Sure, most women love receiving an exquisite bouquet of long stem roses, dinner at a Michelin Five Star restaurant or a bit of bling, but the most lasting of gifts for a heartthrob of either gender is your valentine. Why not make it special?
I know, Hallmark makes it so easy. They've gotten cleverer, hip, even. And there are those boutique-y imprints nowadays that you could almost have written yourself--if you were more of a writer. Why bother putting yourself through the torture of writing?
First, because it doesn't have to be torture. Writing a Valentine can be a pleasurable exercise, I assure you. And secondly, she--or he--will appreciate your effort. Your personally written words will mean more than anything a copywriter in Kansas City can come up with.
Dr. Craig Malkin, a relationship expert and Instructor in Psychology at Harvard Medical School says, "A personal valentine, from the heart, tells your partner they're important to you. Our capacity to be open with our partners about their importance in our lives is one of the surest ways to strengthen the relationship. And nothing conveys that more clearly than our own words."
So, how to write a valentine and where to start? Try these 7 simple steps:
Step 1: 1 Minute: Know Your Audience: Duh, right? Seems obvious that you do know your audience, but this first rule of writing is particularly apt here. You may be tempted to write the valentine you would like to receive, but first determine what would make your little honey-bun's heart go all a-flutter: admiration? Adoration? Something hot and sexy? Flirtatious? Should you make him laugh? Not sure? Ask him (or her).
And how do you want her to feel when she reads your valentine? Deeply loved? Admired? Turned on? Happy? Do you want her to laugh? Smile? A well written valentine starts with the end in mind.
Step 2: 1.5 Minutes: Tune into Tone: For a new relationship, you may want to hold back a bit. Don't assume the person feels the way you do, unless he's told you so. Perhaps, find one special moment to relive in the valentine. If you want to be flirtatious, do so, but leave something to the imagination if your relationship has not visited such territory before. On the other hand, trust your intuition. If you sense it's time to take a risk, you may be right.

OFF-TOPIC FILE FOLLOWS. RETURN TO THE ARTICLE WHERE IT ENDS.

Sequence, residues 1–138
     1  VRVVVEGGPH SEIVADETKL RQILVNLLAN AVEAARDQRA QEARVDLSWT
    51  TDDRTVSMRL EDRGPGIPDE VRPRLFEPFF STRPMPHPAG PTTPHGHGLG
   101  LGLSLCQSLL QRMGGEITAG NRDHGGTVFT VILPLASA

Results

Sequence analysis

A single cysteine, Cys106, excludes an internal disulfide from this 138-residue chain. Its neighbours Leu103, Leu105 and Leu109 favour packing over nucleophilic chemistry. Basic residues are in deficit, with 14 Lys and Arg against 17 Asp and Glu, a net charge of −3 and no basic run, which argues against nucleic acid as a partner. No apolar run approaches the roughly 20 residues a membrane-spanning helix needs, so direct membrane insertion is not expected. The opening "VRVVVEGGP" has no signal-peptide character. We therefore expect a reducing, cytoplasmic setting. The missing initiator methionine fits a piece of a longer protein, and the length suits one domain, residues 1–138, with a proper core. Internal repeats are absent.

A long-term relationship may benefit from a little sizzle. You can go sexy, passionate or deeply loving and adoring. You can even try a little of all three.
Don't underestimate the power of humor. Says Dr. Malkin, "Humor's a known aphrodisiac. For one thing, it lights up the pleasure and reward centers of the brain. Bottom line, funny is sexy."
Step 3: Half a Minute: Dear ______: Sure you can go all saccharine with "To My Beloved Wife" but it aint' gonna sound fresh. This writer suggests you stick with the tried and true, "Dear Abigail," unless, of course, her name isn't Abigail.
Step 4: 10 Minutes: Get to the Heart of It: This is the part where you come from your heart. What do you truly love most about your beloved? What do you admire? Or what sexy thing do you want to try with him after that 5-star dinner (do ask your intuition if he's likely to find the idea a turn-on or turn-off. If you don't know him well enough, save it for when you do).
Here are some tips to make your writing meaningful and elicit the emotion you're looking for; try one or two:
- Get Quirky: Here's where another important rule of writing comes in: get specific. If you say she's beautiful, give specific examples. And don't just go with the obvious--eyes, curves. What's something unusual about your loved one's beauty?